It’s still about the core
To support his argument, Arnold cites recent research by the American Press Institute showing there are nine different paths to becoming a newspaper subscriber. Nine audiences for one media service — that sounds a lot like public television. And it sounds a lot like public radio in the early 1980s, when conventional wisdom was that a single station should serve many audiences.
Public radio’s audience and fundraising successes over the past decades are built on the foundation of serving a core audience well instead of fragmenting the schedule to serve multiple audiences. And while it seems counterintuitive, the public radio audience grew overall when stations focused on serving the core by creating a more consistent overall service. It was like building a stronger magnet to attract even more listeners.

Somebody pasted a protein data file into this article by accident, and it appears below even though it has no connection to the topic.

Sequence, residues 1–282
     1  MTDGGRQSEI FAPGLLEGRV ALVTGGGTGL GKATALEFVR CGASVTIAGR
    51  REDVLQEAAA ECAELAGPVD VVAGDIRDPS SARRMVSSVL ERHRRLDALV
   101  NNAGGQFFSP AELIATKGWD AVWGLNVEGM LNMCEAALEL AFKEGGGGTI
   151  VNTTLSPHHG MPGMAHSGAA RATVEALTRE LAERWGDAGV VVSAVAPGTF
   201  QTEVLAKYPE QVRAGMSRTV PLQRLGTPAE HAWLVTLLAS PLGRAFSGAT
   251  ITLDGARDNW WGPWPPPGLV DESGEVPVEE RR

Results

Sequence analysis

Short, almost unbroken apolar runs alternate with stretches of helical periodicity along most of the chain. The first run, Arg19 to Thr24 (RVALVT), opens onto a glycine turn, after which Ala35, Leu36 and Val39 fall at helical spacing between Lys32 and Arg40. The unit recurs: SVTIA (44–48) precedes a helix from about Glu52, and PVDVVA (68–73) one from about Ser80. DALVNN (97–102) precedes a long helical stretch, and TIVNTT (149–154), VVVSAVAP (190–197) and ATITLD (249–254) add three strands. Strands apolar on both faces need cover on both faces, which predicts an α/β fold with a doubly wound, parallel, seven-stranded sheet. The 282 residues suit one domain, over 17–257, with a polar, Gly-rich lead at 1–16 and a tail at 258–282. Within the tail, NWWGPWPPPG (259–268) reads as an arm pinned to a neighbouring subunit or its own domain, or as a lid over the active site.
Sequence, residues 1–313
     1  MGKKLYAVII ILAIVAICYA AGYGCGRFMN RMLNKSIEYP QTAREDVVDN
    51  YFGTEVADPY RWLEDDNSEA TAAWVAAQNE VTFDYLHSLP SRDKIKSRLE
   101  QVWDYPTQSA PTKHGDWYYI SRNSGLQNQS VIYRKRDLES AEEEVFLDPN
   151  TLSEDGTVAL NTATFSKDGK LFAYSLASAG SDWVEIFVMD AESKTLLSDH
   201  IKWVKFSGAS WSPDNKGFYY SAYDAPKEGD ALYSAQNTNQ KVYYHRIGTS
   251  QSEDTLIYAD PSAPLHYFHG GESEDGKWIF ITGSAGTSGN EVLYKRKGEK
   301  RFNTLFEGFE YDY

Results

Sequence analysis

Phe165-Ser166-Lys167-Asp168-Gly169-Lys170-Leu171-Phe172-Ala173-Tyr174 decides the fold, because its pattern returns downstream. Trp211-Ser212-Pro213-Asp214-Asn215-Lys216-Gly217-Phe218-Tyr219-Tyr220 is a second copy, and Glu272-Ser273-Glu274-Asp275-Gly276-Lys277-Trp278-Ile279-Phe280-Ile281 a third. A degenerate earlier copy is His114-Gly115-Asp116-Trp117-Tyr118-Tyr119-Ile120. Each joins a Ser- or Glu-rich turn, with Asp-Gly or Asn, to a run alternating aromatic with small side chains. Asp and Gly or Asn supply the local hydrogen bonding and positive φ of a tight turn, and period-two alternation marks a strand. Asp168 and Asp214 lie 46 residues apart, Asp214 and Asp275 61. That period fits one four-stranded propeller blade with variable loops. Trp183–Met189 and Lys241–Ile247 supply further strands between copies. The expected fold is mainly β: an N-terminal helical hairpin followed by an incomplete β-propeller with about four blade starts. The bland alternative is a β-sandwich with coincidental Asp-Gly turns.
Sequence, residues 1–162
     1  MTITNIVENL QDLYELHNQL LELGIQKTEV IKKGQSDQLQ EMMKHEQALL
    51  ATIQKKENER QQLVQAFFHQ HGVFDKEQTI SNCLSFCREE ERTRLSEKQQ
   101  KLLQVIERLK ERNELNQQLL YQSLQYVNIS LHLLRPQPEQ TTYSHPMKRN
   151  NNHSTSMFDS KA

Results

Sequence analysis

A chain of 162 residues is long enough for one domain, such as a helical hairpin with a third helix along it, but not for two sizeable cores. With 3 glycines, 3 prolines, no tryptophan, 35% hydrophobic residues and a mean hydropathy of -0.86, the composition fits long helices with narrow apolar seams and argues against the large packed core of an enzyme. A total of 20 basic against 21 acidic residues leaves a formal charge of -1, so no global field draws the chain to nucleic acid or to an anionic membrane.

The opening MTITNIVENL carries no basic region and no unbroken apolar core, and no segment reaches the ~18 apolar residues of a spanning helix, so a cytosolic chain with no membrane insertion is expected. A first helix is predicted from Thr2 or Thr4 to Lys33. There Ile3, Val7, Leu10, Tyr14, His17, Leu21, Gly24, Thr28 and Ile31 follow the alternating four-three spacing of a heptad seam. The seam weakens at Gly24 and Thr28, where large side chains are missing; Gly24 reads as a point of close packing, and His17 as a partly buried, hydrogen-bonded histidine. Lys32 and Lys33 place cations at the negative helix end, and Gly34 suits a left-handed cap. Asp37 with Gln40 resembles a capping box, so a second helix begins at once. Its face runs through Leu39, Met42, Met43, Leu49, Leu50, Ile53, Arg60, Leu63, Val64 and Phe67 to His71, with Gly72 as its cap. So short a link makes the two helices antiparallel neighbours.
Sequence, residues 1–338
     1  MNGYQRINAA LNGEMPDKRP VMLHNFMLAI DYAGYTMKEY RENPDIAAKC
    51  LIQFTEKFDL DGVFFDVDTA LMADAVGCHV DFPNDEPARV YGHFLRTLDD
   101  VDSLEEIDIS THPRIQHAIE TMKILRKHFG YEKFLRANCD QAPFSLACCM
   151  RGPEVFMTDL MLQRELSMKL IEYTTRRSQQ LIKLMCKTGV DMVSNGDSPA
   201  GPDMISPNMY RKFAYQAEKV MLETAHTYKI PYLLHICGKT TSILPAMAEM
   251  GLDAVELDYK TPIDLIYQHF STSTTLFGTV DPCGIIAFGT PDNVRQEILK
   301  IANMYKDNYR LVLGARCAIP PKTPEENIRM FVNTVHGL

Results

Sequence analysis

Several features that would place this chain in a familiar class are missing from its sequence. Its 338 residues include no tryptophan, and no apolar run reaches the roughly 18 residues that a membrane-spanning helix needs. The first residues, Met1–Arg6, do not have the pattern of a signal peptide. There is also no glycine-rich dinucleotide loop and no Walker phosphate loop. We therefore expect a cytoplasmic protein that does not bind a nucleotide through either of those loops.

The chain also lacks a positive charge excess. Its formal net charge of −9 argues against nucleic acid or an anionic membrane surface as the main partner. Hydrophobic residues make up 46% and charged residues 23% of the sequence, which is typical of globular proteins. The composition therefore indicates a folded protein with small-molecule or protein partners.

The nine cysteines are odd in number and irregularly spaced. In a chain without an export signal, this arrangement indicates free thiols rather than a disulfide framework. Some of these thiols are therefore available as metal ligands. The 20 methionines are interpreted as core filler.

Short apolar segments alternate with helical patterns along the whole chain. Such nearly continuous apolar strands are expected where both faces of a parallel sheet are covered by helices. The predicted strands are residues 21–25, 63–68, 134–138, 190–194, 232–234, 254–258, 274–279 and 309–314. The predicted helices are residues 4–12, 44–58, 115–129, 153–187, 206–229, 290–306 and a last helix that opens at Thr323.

We believe the best way to ensure public radio’s fundraising success in the future is to approach digital service as a way to serve the current core even better.
Think of it this way: Digital platforms are like a radio daypart. A station can choose to program a daypart for a separate audience, or it can choose to program a daypart to better serve its core.
That service might still be a radio-listening occasion in the form of a stream. It could also be reading an article on a website, listening to a story on demand through a mobile app, reading a daily news update delivered in an email or listening to a podcast.